International Financial Governance under Stress: Global Structures versus National Imperatives

By Geoffrey R.D Underhill; Xiaoke Zhang | Go to book overview

6

The politics of financial reform:
recapitalising Indonesia’s banks

RICHARD ROBISON

Before Asia’s financial crisis there was general agreement within the broad neo-liberal camp that deregulation, not least in the financial sector, was the key ingredient of effective market reform. Western governments, their aid agencies and international financial institutions, notably the IMF and the World Bank, enthusiastically pressed for the opening of capital markets and the removal of state control and ownership in domestic financial and banking sectors. But the crisis was to change all that, setting in train a bitter debate over whether these reforms had, ironically, been at the heart of the crisis.

For hardline neo-classical economists within the IMF and elements of the economic press, the crisis was confirmation that economies built around systems of state-managed markets were not sustainable in the long term. For these hardliners, the Asian economies that collapsed in 1997 fell under the weight of their own inherent inefficiency and dysfunction. The crisis was a reminder that deregulation had not gone far enough and that economies must embrace the natural efficiencies of the market.1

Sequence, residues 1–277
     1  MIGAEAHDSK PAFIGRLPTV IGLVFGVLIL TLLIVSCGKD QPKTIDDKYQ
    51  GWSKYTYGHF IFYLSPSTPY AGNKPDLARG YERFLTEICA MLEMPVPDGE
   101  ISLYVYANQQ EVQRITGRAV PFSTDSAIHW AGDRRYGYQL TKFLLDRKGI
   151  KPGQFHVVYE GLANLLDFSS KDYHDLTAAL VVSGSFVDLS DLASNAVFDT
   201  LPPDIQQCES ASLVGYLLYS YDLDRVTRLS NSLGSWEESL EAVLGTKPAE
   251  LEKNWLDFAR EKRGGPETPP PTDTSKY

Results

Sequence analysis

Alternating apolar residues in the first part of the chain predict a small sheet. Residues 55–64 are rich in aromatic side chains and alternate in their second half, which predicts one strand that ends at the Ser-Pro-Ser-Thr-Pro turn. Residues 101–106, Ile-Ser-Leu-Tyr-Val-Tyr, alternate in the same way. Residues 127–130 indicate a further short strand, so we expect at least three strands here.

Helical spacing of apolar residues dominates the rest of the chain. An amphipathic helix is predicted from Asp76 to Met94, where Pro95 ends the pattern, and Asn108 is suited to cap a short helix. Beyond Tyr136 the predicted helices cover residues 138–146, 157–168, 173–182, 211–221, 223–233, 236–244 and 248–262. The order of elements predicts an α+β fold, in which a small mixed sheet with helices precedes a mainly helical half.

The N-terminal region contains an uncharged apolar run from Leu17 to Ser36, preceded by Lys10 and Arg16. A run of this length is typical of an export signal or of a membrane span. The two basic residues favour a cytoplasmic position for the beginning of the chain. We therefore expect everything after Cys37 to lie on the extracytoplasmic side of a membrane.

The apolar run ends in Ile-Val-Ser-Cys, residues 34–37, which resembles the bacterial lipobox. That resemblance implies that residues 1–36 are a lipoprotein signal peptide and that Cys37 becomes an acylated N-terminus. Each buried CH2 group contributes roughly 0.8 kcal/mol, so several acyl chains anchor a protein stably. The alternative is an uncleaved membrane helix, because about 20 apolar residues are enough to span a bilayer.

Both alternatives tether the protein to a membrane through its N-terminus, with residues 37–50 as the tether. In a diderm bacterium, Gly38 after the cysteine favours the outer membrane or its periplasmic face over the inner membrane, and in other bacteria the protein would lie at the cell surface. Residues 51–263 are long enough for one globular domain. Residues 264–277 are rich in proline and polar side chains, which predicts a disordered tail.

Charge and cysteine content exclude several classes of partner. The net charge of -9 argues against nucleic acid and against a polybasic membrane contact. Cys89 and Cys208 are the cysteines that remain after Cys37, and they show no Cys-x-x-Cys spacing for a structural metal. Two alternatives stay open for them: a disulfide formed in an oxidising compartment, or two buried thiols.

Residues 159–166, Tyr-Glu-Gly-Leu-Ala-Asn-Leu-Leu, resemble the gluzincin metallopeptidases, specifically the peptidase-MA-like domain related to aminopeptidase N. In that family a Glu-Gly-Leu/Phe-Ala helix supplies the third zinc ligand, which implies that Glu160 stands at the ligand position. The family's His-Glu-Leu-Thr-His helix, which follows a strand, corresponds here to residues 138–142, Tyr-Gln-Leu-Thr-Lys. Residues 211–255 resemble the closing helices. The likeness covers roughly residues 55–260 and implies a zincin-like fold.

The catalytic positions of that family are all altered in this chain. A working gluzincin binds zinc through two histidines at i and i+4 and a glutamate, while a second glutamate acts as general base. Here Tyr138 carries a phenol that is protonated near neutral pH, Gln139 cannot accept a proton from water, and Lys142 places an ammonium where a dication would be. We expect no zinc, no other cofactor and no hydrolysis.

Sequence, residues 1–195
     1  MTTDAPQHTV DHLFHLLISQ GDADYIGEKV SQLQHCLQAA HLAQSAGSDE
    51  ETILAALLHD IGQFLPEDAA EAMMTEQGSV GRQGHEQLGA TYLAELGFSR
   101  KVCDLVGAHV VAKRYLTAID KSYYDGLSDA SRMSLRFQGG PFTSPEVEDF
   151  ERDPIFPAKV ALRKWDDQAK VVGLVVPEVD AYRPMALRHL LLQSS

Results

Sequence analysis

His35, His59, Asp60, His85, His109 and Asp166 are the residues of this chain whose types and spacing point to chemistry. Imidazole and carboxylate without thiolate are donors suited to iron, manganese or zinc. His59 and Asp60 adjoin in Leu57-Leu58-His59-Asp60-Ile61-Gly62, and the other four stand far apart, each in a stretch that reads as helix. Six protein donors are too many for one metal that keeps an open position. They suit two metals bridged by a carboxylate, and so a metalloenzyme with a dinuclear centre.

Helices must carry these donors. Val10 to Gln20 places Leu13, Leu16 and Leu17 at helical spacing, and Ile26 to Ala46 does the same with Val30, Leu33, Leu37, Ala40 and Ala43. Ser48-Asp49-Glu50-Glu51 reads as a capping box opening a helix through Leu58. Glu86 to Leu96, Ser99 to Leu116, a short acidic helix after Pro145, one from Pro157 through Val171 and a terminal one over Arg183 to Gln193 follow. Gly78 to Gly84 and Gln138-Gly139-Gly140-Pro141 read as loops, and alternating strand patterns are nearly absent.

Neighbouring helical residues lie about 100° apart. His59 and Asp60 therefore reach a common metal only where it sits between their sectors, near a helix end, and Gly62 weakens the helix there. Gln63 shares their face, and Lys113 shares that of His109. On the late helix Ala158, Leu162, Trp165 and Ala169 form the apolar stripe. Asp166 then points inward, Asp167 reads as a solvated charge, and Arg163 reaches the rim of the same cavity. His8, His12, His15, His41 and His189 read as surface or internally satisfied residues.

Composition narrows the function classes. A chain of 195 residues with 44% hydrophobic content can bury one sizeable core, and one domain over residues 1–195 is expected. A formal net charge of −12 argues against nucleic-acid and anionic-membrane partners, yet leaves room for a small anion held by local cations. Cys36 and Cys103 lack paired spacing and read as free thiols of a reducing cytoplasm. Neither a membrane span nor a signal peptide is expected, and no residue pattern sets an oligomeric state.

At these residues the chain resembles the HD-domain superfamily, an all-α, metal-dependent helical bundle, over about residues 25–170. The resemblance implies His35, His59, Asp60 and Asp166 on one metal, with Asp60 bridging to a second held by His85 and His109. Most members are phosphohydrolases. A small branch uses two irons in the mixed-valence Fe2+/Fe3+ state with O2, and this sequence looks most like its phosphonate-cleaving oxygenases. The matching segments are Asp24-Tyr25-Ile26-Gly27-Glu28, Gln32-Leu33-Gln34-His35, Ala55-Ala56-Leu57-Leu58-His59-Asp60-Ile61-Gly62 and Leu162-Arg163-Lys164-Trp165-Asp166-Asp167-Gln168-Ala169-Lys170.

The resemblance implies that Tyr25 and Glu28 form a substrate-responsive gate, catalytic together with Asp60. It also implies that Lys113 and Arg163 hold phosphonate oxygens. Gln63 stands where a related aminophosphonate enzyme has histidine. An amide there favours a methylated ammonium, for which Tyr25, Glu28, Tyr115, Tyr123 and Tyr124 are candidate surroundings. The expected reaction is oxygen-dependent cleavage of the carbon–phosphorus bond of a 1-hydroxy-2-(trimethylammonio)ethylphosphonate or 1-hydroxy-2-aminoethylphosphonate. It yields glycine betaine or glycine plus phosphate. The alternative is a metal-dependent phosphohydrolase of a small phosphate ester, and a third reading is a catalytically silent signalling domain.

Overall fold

Others within the neo-liberal camp were, however, to propose that the roots of the crisis were to be explained in terms of panic and speculation in open global financial markets and an ensuing rush for the exits when confidence collapsed.2 Such interpretations led naturally to policy prescriptions centring on reform in global financial architecture rather than a reconstruction of domestic economic and political regimes. In particular, the introduction of various controls over capital accounts and the orderly management of capital flows were considered to be essential steps. The creation of viable market economies was de-linked from the radical opening of international capital markets that had been advocated by the IMF and other neo-classical reformers within the so-called Washington consensus.3

Such an interpretation was attractive to those institutional and/or ‘statist’ political economists who had long argued, albeit from often diverging positions, that successful and powerful national economic engines could be driven by strategic industry plans and under the leadership of the state.4 For these, the

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